Sun, Jul 20, 2014 - Page 1 News List

Aircraft relocation spurs rebuke

PLANE DEALINGS:The Control Yuan blasted a NT$9.8 billion plan to move the nation’s fleet of P-3C Orion maritime surveillance aircraft from Taoyuan to Pingtung County

By Lo Tien-pin and Jake Chung  /  Staff reporter, with staff writer

President Ma Ying-jeou addresses the air force’s 439 Composite Wing as the military shows off a Lockheed P-3C Orion aircraft in Pingtung County on Oct. 31 last year.

Photo: CNA

The Control Yuan has blasted the cost of a plan by the Ministry of National Defense (MND) to relocate the operating base for its fleet of 12 Lockheed P-3C Orion maritime surveillance aircraft. The proposed change would bring about estimated expenses totaling NT$9.8 billion (US$326 million).

The US government in 2007 approved the sale of the 12 P-3Cs, with T-56 turboprop engines and related equipment and services, for US$1.96 billion.

Taiwan received the first P-3C aircraft in September last year. Three more arrived later last year. The air force said that five more P-3Cs are to be delivered to Taiwan this year, followed by another three next year, when the fleet would be commissioned.

The ministry said earlier this month that it was transferring the base of operations for the P-3Cs from Taoyuan County to Pingtung County, on account of the development of the Taoyuan Aerotropolis project.

Intended to create an industrial, commercial and residential development alongside a free economic pilot zone near Taiwan Taoyuan International Airport, as well as expand the airport itself, the Aerotropolis project is estimated to require the seizure of more than 3,000 hectares of private land, affecting more than 12,000 households.

In a report issued last week, the Control Yuan quoted experts as saying that China poses the greatest national security threat to Taiwan and that basing the P-3C Orions in Taoyuan is the best choice, both to counter China’s East Sea Fleet and to better protect Taiwan’s exclusive economic zone.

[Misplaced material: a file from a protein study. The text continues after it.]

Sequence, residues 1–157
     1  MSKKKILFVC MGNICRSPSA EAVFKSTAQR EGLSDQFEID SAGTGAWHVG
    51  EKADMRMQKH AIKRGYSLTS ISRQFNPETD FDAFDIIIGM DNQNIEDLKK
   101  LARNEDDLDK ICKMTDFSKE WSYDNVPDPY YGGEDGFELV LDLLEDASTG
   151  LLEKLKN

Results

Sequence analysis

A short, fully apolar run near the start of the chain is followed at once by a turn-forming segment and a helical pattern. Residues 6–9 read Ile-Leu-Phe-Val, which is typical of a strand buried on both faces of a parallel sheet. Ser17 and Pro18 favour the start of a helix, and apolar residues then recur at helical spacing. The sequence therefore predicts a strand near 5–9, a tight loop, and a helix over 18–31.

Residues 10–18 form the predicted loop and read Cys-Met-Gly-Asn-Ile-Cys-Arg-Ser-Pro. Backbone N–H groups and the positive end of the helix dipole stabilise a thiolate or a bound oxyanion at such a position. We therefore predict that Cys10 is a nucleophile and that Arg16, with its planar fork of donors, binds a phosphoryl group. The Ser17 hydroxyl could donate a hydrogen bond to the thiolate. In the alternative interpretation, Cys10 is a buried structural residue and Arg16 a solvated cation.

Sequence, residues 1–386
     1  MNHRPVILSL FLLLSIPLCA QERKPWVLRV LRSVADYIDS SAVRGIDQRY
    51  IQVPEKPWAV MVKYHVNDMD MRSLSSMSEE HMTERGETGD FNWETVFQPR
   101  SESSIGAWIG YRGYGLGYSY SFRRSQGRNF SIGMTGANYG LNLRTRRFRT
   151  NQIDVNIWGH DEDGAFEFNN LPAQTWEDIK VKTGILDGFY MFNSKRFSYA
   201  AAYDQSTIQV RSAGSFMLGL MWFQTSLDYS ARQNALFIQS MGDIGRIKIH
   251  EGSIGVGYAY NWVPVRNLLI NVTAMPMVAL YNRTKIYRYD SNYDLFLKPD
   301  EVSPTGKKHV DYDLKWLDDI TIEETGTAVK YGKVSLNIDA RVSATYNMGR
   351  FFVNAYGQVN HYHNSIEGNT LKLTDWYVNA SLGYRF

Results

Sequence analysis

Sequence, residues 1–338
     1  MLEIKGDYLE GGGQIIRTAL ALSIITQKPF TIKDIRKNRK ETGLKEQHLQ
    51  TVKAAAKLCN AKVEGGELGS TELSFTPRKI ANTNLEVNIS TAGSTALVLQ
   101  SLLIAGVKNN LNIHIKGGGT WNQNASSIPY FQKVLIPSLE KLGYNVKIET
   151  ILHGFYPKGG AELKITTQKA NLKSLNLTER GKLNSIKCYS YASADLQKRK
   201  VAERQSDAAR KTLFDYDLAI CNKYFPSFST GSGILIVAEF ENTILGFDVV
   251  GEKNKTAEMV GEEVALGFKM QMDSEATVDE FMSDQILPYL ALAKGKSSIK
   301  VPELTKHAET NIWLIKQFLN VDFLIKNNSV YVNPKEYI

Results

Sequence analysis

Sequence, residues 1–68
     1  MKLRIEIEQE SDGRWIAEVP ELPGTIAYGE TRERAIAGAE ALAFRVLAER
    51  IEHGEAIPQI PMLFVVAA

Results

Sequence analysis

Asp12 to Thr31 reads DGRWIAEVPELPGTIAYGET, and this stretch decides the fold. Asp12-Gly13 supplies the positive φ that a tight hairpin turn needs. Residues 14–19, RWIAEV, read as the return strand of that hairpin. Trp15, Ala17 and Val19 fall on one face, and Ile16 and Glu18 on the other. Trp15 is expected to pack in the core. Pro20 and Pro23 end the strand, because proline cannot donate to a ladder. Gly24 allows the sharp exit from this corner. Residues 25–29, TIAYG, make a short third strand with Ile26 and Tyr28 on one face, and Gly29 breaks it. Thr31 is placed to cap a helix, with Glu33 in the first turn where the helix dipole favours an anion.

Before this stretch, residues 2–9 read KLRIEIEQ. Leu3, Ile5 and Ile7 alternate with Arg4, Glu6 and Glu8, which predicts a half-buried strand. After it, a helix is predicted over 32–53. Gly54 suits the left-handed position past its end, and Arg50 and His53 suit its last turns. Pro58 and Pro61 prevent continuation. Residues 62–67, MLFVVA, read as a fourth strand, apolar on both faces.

The location was chosen more than a decade ago, but is being abandoned for political reasons — due to election concerns and “the lack of general nation development by the politicians,” the report quoted experts as saying.

The relocation of the base would be better internationally — as it would help the US observe the Bashi Channel between Taiwan and the Philippines — but was next to worthless in terms of domestic national security to the north of the nation, the report quoted the experts as saying.

The relocation would also necessitate multiple revisions to building plans and create conflicts due to operational requirements, the report said.

In the plan, national resources are poorly allocated and also caused the US, the nation’s staunchest military ally, to question the domestic levels of determination in terms of national defense, the report said.

In response, the ministry said the decision was made based on the ministry’s principle of sharing resources across all armed forces, due to limited manpower and resources, adding that it also coincided with national economic construction policies.

Meanwhile, the report said that rumors that the Taoyuan Aerotropolis project was sparking real-estate speculation were rampant, damaging civilian confidence in the government.

The local government should ensure the integrity of construction policies, efficient promotion and communication between the government and civilians and the transparency of the project, the report said.

In response, the Taoyuan County Government said it would work on making land seizures more transparent and would step up efforts to relocate displaced residents.

The county added that it would work with the Ministry of Transportation and Communications to minimize land speculation, as well as follow national industrial development policies as much as possible.

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